Politics, players, power of sport
Illustration: Matt Davidson
The sport that so many of us watch over summer is not just relaxation but a window into Australian society and politics.
Party politics may not have overtly intruded into our lives much over the summer (Julia Gillard and Tony Abbott have been relatively quiet), but through sport we can't really escape the big political and social issues unless we choose to be blind to them. Pick any political issue and you will find its expression in sport, whether it be elitism versus mass participation, government expenditure, economic development, gambling, gender, disabilities, health, child sexual abuse, drugs and commerce and industry. The issues come in all their glory and contradictions, their heroes and villains.
Sport is not just about the players, the competition and the spectacle. You can't avoid the power and the politics.
Sport is embedded in Australian society. Not surprisingly, Australia Day, including the Australians of the Year awards, reflects sporting as well as other achievements. The chairman of the Australia Day Council is the former champion cricketer and all-round sporting hero Adam Gilchrist. Many of these heroes, such as Pat Rafter and Richie Benaud, continue to be honoured. Commentators such as the late Tony Greig are farewelled like few others.
But we also can't escape the celebrity villains, such as Shane Warne, and on the international scene, Lance Armstrong. There are also those who speak out bravely, such as Jessica Bibby, on gender imbalance in basketball, and George Bailey on media politics in cricket.
There are many social and political themes that have their sporting equivalents, which mirror and sometimes lead social trends.
Sports glory in traditions and past achievements, but at the same time struggle to adapt to or to contain social change.
There are differences between the sports, too, in how they cope with the battle between recognising past glories and celebrating the present. Cricket is one sport in which the past is often elevated above the present. It has an icon in Don Bradman, who keeps many present-day achievements in the shadows. The modern players are measured critically against the greats of the past.
Tennis, on the other hand, while recognising the past greats - many of them Australians such as Rod Laver and Margaret Court - is unabashed in counting Roger Federer as perhaps the greatest male player of all time. The superior skills of the modern players such as Serena Williams and Novak Djokovic are also celebrated wholeheartedly.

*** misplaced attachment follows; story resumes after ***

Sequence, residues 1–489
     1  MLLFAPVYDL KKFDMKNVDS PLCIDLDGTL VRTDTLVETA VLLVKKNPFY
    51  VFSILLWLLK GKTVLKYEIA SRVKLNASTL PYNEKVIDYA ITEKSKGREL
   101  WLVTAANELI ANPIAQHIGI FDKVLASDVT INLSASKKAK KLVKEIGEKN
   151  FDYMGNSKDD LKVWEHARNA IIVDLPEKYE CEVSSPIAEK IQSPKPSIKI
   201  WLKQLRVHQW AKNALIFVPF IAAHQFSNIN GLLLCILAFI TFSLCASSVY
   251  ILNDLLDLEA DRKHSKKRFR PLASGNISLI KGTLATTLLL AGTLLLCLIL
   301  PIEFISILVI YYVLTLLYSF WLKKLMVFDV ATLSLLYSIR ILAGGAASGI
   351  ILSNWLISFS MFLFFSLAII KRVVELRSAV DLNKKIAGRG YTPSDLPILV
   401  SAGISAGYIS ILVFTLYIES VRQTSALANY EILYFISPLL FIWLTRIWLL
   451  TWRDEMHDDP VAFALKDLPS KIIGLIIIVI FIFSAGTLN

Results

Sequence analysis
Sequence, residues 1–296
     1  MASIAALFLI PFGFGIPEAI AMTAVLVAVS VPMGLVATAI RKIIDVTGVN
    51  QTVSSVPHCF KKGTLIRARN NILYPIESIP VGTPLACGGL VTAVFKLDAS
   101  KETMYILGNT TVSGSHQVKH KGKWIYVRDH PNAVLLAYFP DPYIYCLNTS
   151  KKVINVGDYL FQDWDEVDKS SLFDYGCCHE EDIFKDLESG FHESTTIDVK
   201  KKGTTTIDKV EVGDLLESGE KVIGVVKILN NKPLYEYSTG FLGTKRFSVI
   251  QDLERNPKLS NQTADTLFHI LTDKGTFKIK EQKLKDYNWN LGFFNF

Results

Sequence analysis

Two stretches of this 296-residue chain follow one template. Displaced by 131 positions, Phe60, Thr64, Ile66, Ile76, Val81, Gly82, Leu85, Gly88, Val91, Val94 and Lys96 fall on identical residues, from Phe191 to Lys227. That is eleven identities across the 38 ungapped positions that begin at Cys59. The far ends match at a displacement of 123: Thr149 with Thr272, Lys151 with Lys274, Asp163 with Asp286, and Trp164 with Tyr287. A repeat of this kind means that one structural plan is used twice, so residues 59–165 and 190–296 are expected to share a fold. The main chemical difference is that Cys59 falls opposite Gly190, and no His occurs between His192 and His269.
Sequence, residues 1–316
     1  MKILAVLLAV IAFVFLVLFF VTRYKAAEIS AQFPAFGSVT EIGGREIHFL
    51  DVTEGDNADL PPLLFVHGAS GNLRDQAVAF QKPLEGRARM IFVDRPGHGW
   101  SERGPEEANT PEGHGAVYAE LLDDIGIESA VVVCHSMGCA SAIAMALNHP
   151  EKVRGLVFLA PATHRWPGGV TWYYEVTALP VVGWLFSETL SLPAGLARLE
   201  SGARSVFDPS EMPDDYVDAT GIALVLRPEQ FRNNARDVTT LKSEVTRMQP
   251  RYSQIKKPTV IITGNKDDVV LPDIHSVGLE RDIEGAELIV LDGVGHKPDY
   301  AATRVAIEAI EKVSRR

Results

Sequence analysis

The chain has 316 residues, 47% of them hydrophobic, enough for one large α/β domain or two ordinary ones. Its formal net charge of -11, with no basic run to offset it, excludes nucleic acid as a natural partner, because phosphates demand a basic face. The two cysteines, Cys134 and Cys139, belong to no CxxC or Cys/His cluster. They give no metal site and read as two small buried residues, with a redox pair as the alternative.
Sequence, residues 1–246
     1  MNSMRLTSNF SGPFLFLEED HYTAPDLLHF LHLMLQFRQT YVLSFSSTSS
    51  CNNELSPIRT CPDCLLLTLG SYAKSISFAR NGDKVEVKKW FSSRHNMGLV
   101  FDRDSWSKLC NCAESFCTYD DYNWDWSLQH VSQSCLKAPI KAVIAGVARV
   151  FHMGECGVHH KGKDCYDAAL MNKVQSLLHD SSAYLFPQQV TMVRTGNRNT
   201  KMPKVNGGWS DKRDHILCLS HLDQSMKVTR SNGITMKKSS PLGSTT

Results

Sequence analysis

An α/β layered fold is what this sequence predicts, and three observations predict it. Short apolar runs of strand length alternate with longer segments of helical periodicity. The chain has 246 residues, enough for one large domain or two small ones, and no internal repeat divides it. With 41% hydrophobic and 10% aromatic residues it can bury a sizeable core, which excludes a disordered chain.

Associated with the battle between past and present is the struggle to adapt to technology - not just new equipment such as racquets and bats, but new means of checking umpiring decisions in cricket and tennis.
The political economy of modern sport has many elements. Sport makes fortunes for some players but, more importantly, it makes bigger fortunes for its owners and operators and for the media. The media chase modern sport and pay big dollars for the rights to telecast it because it is often essential to commercial media success.
Sports are always chasing sponsors and advertisers, and they are successful in doing so not just because corporations are socially responsible but because they want to attach their products to sporting publicity. Consequently, no follower of professional sport can escape being embroiled in intrusive advertising, not just for motor cars, mobile phones and insurance, but also for fast food and vitamins.
Not only is it impossible for viewers to avoid the advertising but often that very advertising is being conducted by the present and past players who are role models.
The networks also relentlessly and intrusively advertise their own programs. So the commentators pick out among the crowd not only actors who star in their future programs but players in network winter sports such as the various football codes. It all becomes very circular.
There is also relentless advertising of gambling, though communities consider it creates social problems. Whether it is tennis or cricket, most events publicise gambling with implicit approval. Sports followers are encouraged to gamble.
The big sports also generate competition between cities, states and venues - all in the name of growth. Several of Australia's biggest venues are building sites at the moment. Smaller cities are constantly trying to buy new teams and new sports.
The players are in constant competition, too, of course, and are torn by the disjunction between the commercial market for their talents and traditional loyalties to nation, state or club. The benefit of this competition may be new levels of excellence for their fans. The downside is these players are often locked into an upstairs-downstairs culture in which the top players are rewarded and the lesser lights fight for survival.
Industrial relations within sports are fraught. Administrators, like politicians, are pushed around by bigger forces, such as economic interests and the media. Only the favoured few can speak out without fear because, like Warne, they have become untouchable. Others, such as Bailey, can be bullied by sports media executives for speaking out and are told they are just cannon fodder who otherwise might be ''flipping hamburgers at McDonald's or working in a coal mine''.
Sport can be a generous donor to charities and can bring untold enjoyment to sports followers like me. But modern professional sport is also a major industry with all the politics, power, dubious ethics and media manipulation that goes with it.
>> John Warhurst is an emeritus professor of political science at the Australian National University.